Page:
Bhutan’s GDP growth might have caught the IMF’s attention, but internally, the government measures success by a different, all-encompassing standard. The Gross National Happiness index, established in 1972 by Jigme Singye Wangchuck, tracks progress using well-being indicators, such as mental and physical health, community vitality, culture, education, environmental diversity, living standards, and governance. Each of these indicators is further broken down: mental health, for example, considers psychological distress, emotional balance, and spirituality. Community vitality includes factors such as family life, safety, trust, social support, and kinship.
By considering and balancing these diverse factors, the GNH framework ensures that economic pursuits will not bulldoze other priorities. For example, plans to harness a sizeable number of Bhutan’s rivers might disturb some environmentalists, but the development of Bhutan’s energy sector will take into account environmental concerns, as staked out in the GNH index. Only two dams will be built, with most plants generating power from free-flowing rivers, and the government is explicitly committed to producing green energy.
Meanwhile, the transition to democracy promises greater government accountability. The electorate is slowly accepting the end of the absolute monarchy that governed the country for centuries. Elected officials and government bureaucrats are gradually coming into their own as they attempt to modernize the country, while protecting its cultural heritage. The Department of Youth, Culture, and Sports has introduced cultural education into school curriculum and encourages families to engage in traditional activities such as visiting temples or practicing indigenous songs. Other initiatives include rigorous sports programs aimed at fostering pride in personal achievement and healthy competition. At the same time, the government is attempting to alleviate youth unemployment, especially by reaching out to American hospitals to secure contracts for transcribing medical audio files.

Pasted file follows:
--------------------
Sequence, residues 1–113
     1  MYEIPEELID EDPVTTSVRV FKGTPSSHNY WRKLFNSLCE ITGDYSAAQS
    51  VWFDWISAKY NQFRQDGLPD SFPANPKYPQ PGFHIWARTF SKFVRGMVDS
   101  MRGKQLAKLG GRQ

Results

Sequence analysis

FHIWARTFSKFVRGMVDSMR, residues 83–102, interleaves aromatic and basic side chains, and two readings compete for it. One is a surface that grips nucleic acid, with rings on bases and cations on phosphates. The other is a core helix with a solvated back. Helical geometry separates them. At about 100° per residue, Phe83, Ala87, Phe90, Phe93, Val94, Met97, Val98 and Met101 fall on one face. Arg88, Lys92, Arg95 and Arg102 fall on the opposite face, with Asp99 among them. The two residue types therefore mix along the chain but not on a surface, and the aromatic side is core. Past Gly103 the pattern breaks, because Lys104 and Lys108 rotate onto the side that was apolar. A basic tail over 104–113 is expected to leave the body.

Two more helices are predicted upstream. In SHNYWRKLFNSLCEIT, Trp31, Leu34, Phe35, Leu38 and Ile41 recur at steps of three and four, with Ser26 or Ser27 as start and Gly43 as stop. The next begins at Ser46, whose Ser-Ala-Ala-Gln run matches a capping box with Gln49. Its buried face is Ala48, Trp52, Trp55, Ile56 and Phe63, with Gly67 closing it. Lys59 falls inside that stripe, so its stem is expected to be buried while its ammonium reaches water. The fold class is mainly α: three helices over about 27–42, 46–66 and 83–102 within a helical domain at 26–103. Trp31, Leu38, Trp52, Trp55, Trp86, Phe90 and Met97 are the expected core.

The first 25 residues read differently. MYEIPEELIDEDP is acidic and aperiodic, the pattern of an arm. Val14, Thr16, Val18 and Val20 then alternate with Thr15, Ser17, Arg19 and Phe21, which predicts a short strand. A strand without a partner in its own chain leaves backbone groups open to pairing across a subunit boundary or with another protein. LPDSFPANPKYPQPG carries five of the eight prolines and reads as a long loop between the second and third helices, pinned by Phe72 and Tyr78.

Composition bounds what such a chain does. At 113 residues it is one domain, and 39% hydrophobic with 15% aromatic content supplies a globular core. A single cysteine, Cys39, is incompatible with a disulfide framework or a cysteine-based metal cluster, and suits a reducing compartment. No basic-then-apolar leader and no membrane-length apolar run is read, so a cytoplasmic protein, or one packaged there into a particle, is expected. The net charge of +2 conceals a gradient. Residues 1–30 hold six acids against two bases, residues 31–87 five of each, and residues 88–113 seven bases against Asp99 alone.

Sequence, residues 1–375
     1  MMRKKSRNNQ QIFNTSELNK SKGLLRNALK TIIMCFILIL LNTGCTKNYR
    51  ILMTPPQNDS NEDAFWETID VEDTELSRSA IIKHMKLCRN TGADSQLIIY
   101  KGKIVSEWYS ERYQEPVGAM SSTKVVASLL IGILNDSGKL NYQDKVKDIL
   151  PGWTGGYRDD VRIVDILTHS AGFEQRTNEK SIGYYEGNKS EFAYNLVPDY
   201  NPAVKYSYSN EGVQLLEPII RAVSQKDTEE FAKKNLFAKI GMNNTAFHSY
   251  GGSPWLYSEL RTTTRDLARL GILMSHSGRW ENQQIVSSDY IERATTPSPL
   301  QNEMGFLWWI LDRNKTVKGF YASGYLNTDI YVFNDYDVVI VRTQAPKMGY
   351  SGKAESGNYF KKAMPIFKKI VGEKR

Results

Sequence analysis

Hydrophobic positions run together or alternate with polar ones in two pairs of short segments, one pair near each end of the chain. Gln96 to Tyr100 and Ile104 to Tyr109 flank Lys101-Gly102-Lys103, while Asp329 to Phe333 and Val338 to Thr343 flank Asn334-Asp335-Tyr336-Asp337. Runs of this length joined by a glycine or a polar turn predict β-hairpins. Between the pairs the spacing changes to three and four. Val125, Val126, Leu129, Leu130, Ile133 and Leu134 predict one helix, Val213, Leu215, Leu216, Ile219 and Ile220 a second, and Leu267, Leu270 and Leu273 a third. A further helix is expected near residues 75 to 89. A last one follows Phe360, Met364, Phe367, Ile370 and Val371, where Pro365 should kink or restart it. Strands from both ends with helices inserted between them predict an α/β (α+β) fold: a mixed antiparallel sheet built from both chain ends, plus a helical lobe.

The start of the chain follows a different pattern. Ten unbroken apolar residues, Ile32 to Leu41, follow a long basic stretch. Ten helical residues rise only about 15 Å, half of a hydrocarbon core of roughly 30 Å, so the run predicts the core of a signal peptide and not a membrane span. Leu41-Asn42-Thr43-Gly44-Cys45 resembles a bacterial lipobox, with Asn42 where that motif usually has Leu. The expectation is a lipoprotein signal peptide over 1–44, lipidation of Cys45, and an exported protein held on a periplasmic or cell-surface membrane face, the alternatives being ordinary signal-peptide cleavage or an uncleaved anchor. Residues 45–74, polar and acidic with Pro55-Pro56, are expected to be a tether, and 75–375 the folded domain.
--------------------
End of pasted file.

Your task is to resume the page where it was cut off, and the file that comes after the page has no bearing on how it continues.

In an acknowledgment of its profound progress, Bhutan was invited to convene a high-level meeting on the GNH index during the UN General Assembly session in April 2012. Bhutanese Prime Minister Jigme Yoser Thinley led the discussions, which gave the small kingdom an outsized international profile and further solidified the Bhutanese government’s commitment to the framework. Also last year, the Earth Institute at Columbia University issued a World Happiness Report, commissioned by the United Nations, which ranks happiness, as measured by 11 different criteria, in 150 countries. On a scale of one to ten (ten being the happiest) Bhutan ranked at 6.05, higher than neighbors India, Nepal, China, and Bangladesh. In the foreword to the World Happiness Report, the economist Jeffrey Sachs wrote:
The Bhutan case study tells the story of GNH in Bhutan, a story of exploration and progress since the King declared in 1972 the goal of happiness over the goal of wealth. Happiness became much more than a guidepost or inspiration; it became an organizing principle for governance and policy-making as well. The Gross National Happiness Index is the first of its kind in the world, a serious, thoughtful, and sustained attempt to measure happiness, and use those measurements to chart the course of public policy.
Sachs ended the foreword by lauding “Bhutan’s wonderful adventure, still unfolding while already inspiring others.” It is not just Bhutan’s GDP that is improving, in other words, the country’s global importance and domestic happiness are on the rise as well.